Drone maker Parrot’s new flying gizmo, the Bebop 2 Quadricopter drone, will make its landing next month, just in time for holiday shoppers. According to the company, it’s a smaller, lighter, and easier-to-use model than the previous Bebop drone—which should please consumers interested in tossing one in a bag.
For developers, the improvements could help them make a better case for whatever uses they envision—but the company hasn’t yet delivered everything they need to build new drone-based applications.
The “flying camera,” as Henri Seydoux, Parrot’s founder and CEO, puts it, may be a consumer product, but he’s keenly interested in what companies and developers will do with it. The unit, which will sell for $550 when it launches on December 14 ($800, with the updated Parrot Skycontroller Black Edition included), features better stabilization without the bulk of extra hardware and improved range for remote control.
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During the presentation, Seydoux showed off a few examples of what third parties have done with the technology. But there’s no word on when a new software development kit (SDK) might arrive to let them take advantage of the new features.
He later explained to me that the company is working on the SDK, which will arrive at some point later on. Then he explained where he thinks the most interesting opportunities are for drones, and the big hole that no one seems to have filled yet.
During the presentation, Seydoux highlighted a couple of drone software developers. Pix4D created mapping software that can take footage from the drone to recreate 3D maps of neighborhoods and other areas. Neurala developed a way to take drone selfies.
What fascinates Seydoux most, however, are the deep scenarios that go beyond recreation and employ drones to do what humans can’t.
“We have companies that we work with that use the drones for archaeology,” he told me, explaining how scientists managed to create very accurate 3D maps of Pompeii from drone footage. “Those kinds of apps are very, very interesting to us.”
When it comes to uses, there’s still one obvious missing piece for Seydoux: “[What] I expected, and have not seen up to now, is some nice gaming apps with the drones,” he said. “It’s still not there.”
Gaming seems like a natural target for the technology. Together with a virtual reality headset connected to the Skycontroller, a user could get the bird’s-eye view of what the drone sees. But game developers mostly place their expensive bets on well-established platforms with fleshed-out software-development tools. (Facebook’s Oculus VR gets this, which is why it’s been courting game makers with a series of developer conferences.)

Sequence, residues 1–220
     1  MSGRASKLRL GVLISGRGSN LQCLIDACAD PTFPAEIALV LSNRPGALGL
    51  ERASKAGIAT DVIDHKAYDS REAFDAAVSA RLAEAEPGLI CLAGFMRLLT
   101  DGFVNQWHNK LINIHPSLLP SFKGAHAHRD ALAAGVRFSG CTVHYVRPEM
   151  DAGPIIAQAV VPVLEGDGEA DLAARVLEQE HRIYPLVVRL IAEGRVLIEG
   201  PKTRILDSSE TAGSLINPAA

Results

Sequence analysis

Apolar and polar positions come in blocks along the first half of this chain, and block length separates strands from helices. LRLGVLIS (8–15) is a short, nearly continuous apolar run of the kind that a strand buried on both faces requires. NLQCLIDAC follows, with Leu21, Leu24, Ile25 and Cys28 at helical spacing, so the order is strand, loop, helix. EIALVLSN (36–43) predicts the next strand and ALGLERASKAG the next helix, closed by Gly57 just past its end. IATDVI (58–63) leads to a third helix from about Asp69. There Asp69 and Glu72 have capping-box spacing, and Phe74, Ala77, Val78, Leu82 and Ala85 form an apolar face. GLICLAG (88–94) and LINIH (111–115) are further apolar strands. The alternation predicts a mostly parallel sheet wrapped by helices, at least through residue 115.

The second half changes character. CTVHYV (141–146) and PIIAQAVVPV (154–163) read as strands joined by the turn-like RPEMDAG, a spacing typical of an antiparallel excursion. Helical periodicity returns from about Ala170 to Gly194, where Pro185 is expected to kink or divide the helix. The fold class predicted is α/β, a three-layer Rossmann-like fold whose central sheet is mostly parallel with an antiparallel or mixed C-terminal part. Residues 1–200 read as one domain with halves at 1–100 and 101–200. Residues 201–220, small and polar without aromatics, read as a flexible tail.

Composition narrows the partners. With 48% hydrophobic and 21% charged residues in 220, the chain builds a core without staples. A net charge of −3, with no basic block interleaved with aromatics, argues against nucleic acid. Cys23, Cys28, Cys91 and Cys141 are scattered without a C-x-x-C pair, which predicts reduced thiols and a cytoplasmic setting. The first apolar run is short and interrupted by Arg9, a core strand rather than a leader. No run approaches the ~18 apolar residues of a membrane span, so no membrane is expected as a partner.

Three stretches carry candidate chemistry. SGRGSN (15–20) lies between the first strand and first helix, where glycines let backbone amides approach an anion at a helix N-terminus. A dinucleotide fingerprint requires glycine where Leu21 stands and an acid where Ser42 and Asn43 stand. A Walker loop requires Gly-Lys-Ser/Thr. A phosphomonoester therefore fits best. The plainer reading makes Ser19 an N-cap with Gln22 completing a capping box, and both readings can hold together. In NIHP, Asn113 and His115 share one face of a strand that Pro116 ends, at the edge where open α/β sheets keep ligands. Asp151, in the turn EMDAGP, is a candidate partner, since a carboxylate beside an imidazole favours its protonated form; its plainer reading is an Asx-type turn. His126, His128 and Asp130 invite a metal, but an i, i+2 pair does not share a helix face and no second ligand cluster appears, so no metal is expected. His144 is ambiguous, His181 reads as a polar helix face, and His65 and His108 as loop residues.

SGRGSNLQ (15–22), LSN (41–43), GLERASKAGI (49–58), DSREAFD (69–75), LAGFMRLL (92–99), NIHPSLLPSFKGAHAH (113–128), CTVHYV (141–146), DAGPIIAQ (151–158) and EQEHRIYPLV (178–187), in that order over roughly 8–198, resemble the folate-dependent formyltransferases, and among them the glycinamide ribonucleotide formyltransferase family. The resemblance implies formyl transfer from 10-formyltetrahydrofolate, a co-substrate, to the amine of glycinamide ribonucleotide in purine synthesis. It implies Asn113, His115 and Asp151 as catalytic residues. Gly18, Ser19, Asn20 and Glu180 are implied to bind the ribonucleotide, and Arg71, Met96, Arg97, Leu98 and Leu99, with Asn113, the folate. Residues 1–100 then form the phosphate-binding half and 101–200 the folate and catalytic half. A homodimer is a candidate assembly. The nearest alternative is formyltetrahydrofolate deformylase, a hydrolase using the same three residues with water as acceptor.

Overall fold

Even without a controller, the updated mobile app lets iOS and Android users control the action by physically moving the smartphone or tablet. Software could let drone pilots reach virtual goals on screen by flying their real-life drones up to certain altitudes or performing airborne tricks.
An updated software development kit will likely take advantage of the new model’s more compact size, 3-axis digital stabilization (for steadier image or motion capture), and durability. The Bebop 2 has virtually no moving parts, Seydoux said, aside from the propellers, thanks to the improvements coming largely from software.
Other features: The Bebop 2 can fly up to 25 minutes, thanks to its 2700-mAh battery, and features a 14-megapixel camera (the same as the first Bebop) which is capable of 1080p full HD video capture, a fisheye/180-degree lens, flexible 6-inch propellers that stop on contact, 8GB storage, flash LED for better visibility, built-in GPS, and a weight of just over 1 pound.
The device can reach a maximum speed of 60 kilometers, or a little more than 37 miles, per hour. Parrot also equipped the Bebop 2 with longer propellers, for a better “thrust-to-weight” ratio. It can reach 100 meters, or 330 feet, in altitude in 18 seconds.
The company tested the device in a wind tunnel, in literal mountain conditions out at Mont Blanc, and even the North Pole. It wants to make sure this drone is ready for whatever comes next—whether that’s out in the world or within the market. Now, it just needs to let the world’s drone-app dreamers put it to the test.
Photos by Adriana Lee for ReadWrite